Volunteers are now gearing up to reach those living outside, in vehicles, abandoned buildings, RVs, and boats to resume the Kitsap point-in-time count to survey homeless individuals in the county.
The annual survey was canceled in 2021, and the count was delayed by a month this year due to the omicron COVID-19 variant. The outreach effort will be on the morning of February 24, said Anton Preisinger, director of Northwest Hospitality. Northwest Hospitality is leading the effort this year with the support of Kitsap County. The county is the responsible agency for the count, said Kirsten Jewell, Kitsap County Housing and Homelessness Division manager.
There are 113 locations in Kitsap overall that volunteers will visit to find individuals without permanent housing to survey, primarily between the hours of 6 and 10 a.m.
There are six locations on Bainbridge Island, 44 in Bremerton, 22 in Central Kitsap, 20 in North Kitsap, and 21 locations in South Kitsap. These also include food banks and meal sites which volunteers will visit to survey those who may be living on the street. Shelters aren’t surveyed because they report their numbers through a database directly to Housing and Urban Development.
When volunteers find people to survey they’re asked questions like gender, race, age, and where they slept Wednesday night. They’re also asked how long they’ve been without stable housing, whether their household has children or only adults, and the area where their last permanent residence was.
Other questions include whether they have disabilities, are fleeing domestic violence, if they’re veterans, and what circumstances may have led to their current housing status. This could be things like loss of job or housing or people who were just released from the hospital or criminal justice system.
They’re then asked if they’ve completed the count in the past, how many times they’ve used ambulances, paramedics or been to emergency room or received mental health care while unhoused, what their biggest challenge is to housing, if they have requested housing assistance in Kitsap and what reasons they have for not receiving it, and if not, why they haven’t asked for help.
They’re also asked whether they’ve tried to get housed in other counties, how long they’ve been in Kitsap, what brought them to Kitsap, and what situation would best fit their immediate needs.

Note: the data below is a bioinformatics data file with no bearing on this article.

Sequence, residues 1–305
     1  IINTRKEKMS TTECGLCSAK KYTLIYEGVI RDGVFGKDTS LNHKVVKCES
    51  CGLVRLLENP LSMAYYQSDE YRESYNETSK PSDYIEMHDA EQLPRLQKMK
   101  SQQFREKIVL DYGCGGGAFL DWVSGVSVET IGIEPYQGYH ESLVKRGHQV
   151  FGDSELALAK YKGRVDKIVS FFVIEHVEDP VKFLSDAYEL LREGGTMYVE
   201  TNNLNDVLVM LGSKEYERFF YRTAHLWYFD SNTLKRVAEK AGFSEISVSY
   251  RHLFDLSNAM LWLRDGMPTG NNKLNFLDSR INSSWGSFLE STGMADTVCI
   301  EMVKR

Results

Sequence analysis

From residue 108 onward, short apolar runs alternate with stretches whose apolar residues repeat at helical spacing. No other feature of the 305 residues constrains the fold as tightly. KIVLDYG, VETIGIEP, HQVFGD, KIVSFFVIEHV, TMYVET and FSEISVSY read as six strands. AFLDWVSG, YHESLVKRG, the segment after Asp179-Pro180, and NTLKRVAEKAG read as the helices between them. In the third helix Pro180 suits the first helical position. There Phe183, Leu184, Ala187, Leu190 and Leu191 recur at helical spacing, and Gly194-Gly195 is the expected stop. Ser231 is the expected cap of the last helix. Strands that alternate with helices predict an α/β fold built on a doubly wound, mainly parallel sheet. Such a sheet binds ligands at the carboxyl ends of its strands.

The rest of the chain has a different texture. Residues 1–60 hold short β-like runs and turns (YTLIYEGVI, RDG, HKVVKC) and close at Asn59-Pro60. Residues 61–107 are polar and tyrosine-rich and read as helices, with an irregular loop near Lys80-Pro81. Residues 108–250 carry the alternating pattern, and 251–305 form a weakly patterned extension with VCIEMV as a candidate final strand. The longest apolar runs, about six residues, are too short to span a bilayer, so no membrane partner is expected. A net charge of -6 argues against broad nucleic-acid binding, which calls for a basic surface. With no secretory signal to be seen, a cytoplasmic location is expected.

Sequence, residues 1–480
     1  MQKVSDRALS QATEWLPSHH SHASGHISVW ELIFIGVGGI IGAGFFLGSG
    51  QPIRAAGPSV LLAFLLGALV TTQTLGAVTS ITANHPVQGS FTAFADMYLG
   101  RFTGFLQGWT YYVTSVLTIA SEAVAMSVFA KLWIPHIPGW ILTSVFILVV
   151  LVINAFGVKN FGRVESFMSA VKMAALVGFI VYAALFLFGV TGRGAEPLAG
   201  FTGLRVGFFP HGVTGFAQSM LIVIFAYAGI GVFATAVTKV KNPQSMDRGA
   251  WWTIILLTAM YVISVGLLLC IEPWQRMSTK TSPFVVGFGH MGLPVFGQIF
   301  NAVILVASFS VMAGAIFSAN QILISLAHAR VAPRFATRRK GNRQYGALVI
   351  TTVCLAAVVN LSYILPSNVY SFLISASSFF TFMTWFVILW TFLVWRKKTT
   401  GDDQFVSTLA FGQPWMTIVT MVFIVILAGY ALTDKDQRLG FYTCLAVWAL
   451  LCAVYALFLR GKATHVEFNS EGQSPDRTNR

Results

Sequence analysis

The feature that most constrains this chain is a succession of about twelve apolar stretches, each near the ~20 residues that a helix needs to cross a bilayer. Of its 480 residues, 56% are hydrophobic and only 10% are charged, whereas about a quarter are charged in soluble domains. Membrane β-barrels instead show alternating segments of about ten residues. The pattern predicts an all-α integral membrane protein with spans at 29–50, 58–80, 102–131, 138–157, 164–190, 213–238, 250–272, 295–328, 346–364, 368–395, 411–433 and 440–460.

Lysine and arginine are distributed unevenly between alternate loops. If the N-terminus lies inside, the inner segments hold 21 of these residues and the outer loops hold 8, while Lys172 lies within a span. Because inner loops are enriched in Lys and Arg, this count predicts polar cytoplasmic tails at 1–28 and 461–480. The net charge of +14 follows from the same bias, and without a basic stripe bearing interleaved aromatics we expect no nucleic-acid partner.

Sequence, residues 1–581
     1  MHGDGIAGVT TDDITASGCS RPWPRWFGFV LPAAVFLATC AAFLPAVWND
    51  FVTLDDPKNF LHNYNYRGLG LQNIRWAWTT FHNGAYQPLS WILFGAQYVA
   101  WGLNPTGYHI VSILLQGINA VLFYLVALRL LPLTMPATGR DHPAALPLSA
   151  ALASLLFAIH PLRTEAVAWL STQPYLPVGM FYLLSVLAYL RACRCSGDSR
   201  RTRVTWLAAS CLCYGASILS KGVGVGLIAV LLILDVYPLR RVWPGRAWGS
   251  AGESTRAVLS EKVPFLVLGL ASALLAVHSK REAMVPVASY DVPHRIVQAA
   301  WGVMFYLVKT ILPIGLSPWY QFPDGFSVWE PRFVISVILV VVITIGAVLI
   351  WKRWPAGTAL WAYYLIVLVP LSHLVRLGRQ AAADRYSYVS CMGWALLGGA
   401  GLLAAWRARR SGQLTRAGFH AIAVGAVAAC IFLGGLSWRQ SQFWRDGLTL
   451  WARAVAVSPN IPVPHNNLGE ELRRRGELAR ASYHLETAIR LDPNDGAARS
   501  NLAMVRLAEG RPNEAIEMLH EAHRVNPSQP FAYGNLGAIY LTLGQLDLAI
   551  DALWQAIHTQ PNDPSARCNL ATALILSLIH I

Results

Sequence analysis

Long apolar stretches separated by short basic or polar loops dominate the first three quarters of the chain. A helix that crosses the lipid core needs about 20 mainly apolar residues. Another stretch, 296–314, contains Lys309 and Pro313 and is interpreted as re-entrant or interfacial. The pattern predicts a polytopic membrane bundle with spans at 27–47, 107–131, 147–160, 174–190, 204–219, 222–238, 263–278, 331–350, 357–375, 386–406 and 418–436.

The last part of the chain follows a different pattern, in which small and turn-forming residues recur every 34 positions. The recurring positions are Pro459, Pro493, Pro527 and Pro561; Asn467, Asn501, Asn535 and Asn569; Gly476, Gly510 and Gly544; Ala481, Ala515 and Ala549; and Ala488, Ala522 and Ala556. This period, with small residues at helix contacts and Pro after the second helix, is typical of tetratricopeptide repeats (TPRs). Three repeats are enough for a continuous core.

This year, there will also be a question about pets and whether that animal has impacted their ability to access resources. The same form is tweaked a bit each year, Jewell said.
The hope is to get around 150 volunteers for the count, and more are currently needed. Depending how willing the person is to answer, the questionnaire can take anywhere from 30 seconds to 15 minutes, Preisinger said.
“It’s far from a perfect system,” Preisinger said. “It’s volunteer-based and we’re trying to catch as many people as we can in a snapshot of the county. The numbers we collect are used to inform local state and federal funding agencies of where they should direct resources in the future.”
Typically the count is conducted by Kitsap County using volunteers. This year COVID-19 funding responsibilities have made it more difficult for the county to do the count, so Hospitality Northwest was contracted.
“Northwest Hospitality is a logical partner because they’re already doing a lot of outreach,” Jewell said.
Masks are being provided for all of the surveyors this year, Jewell said. In the past there have been about 120 volunteers working on the project.
In addition to volunteers, the Department of Social and Health Services employees work on it as part of their job.
“It’s quite a large community effort,” Jewell said.
Data is un-duplicated across the county in case people were counted more than once, then it’s submitted to the Washington State Department of Commerce. The data is un-duplicated at the state level in case people were counted in more than one county, then submitted to the federal government. It’s used to determine how much funding states are eligible for to address homelessness, Jewell said.
“We know it’s an undercount,” Jewell said it’s at least two and a half times lower than reality.
“The survey relies on us finding people and people being willing to take our survey,” she said. “It’s an imperfect way but it is one way we get a window into who is experiencing homelessness in a 24-hour period.”
For information on how to volunteer with the point-in-time count, contact Northwest Hospitality at https://www.nwhospitality.org. Volunteers must be at least 18 years old to participated.